Northumbria Police have arrested a 16-year-old boy on suspicion of causing criminal damage after one of the UK’s most famous trees at Sycamore Gap was felled overnight on Wednesday.
The tree, which has stood for almost 300 years, was made famous by a key scene in Kevin Costner’s 1991 film Robin Hood: Prince Of Thieves.
National Trust general manger Andrew Poad told BBC Breakfast on Friday that while the community is devastated, there is hope a second tree will grow from the remaining stump.
Mr Poad said: “It’s a very healthy tree, we can see that now, because of the condition of the stump, it may well regrow a coppice from the stump, and if we could nurture that then that might be one of the best outcomes, and then we keep the tree.”
Coppicing is a pruning technique where a tree or shrub is cut to ground level to regenerate new stems from the base. It is commonly used for rejuvenating old shrubs.
Rob Ternent, head gardener at The Alnwick Garden in Northumberland, said the tree will start growing again but "won't ever be the same shape or as good of a tree as it was".
He told the PA news agency: "It's worth a try but I think livestock and wildlife will potentially damage it as well. It'll be very difficult to get it back to the original tree.
"The growing season's coming to an end now but by spring next year it will have some life in it. It'll probably be about eight foot tall, but it'll be lots of singular branches, more bushy.
"It was about 300 years old so it'll take a long time to get back to that size. It's a massive shame."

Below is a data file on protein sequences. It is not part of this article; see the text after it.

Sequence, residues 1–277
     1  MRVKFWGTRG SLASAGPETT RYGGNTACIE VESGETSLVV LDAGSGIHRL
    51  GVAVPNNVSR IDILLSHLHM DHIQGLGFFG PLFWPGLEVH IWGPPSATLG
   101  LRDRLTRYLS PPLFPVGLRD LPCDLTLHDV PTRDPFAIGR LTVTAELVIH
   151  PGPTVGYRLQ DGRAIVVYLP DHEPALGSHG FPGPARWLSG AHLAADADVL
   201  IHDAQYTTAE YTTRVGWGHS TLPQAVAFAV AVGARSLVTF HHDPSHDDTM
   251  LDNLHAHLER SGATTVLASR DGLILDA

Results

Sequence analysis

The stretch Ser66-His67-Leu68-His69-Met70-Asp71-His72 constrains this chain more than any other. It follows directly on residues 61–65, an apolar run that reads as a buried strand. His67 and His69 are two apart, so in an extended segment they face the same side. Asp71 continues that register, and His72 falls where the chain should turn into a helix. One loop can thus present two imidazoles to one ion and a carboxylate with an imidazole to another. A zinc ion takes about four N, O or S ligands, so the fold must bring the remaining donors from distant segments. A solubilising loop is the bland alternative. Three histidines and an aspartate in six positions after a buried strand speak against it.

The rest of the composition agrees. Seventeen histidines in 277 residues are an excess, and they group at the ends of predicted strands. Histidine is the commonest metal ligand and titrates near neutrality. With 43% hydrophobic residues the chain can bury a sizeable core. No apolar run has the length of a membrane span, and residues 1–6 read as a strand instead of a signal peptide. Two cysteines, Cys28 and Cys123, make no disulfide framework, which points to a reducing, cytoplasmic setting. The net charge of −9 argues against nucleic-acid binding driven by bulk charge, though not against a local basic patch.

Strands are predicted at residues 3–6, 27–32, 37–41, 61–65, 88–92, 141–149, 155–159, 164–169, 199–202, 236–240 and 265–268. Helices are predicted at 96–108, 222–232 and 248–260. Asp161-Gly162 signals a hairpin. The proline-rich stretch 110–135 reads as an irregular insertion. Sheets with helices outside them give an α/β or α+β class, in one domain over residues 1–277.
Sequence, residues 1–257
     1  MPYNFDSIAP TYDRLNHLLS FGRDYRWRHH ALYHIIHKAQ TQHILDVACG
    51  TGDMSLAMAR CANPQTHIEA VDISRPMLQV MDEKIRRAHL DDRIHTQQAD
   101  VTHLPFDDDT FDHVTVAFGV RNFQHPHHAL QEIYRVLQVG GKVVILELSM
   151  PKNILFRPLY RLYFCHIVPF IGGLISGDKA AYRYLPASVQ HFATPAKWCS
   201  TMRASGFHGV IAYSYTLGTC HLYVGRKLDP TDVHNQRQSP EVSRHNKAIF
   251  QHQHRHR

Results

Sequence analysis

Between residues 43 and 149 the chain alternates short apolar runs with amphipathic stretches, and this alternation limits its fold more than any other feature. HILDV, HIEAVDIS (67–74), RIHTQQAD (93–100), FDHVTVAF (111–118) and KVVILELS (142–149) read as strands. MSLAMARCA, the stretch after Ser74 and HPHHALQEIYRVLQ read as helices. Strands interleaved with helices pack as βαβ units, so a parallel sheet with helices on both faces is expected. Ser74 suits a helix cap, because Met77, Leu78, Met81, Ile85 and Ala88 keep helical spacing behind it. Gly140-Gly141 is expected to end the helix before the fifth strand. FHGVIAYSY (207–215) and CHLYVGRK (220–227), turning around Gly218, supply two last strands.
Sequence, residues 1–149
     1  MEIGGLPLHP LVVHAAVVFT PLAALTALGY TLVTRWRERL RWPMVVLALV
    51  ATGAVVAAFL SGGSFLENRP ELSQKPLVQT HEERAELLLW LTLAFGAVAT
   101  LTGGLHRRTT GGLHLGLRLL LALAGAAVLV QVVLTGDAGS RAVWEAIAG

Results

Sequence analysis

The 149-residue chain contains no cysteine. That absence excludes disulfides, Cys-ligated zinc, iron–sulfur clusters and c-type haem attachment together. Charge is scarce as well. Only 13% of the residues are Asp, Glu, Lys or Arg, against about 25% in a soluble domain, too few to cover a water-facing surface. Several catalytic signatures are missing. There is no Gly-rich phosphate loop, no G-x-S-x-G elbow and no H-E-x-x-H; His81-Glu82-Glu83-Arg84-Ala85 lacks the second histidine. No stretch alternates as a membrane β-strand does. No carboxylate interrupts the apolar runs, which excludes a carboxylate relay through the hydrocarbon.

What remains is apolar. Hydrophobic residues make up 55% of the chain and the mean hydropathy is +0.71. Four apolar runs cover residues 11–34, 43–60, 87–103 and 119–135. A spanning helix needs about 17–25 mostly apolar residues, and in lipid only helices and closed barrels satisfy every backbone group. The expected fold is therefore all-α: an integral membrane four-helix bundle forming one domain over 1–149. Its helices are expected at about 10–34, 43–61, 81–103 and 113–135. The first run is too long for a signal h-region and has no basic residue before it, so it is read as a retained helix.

Superintendent Kevin Waring from Northumbria Police said on Thursday: “The tree is a world-renowned landmark and the vandalism has caused understandable shock and anger throughout the local community and beyond.”
In an update the force said on Friday: “A 16-year-old male was arrested in connection with the incident. He has since been released on police bail, pending further enquiries.”
Northumberland National Park Authority Chief executive Tony Gates said it was “deliberately felled” as an “act of vandalism”.
He said it’s an “incredible loss of an iconic landmark” that served as an inspiration to artists, writers and photographers.
“A lot of people have a deep connection to this place, and fond memories of this place, and to have lost that is a real shame,” he told the BBC.
In 2016, the sycamore was named Tree of the Year by the Woodland Trust.
The sycamore, which stood in a dramatic dip in Hadrian’s Wall, was looked after by both Northumberland National Park Authority and the National Trust.
Pictures emerged on Thursday morning of it lying on its side near the ancient Roman wall, which is a Unesco World Heritage site.
The news was met with dismay and outrage by walkers’ groups on social media.
Walker Alison Hawkins, who was one of the first people to see the tree had been felled on Thursday morning, told PA: “It was a proper shock. It’s basically the iconic picture that everyone wants to see.”
An online crowdfunding page set up by Northumberland business Alncom for the "rejuvenation of Sycamore Gap" has raised more than £1,700, but the National Trust and National Park Authority have yet to confirm plans for the site.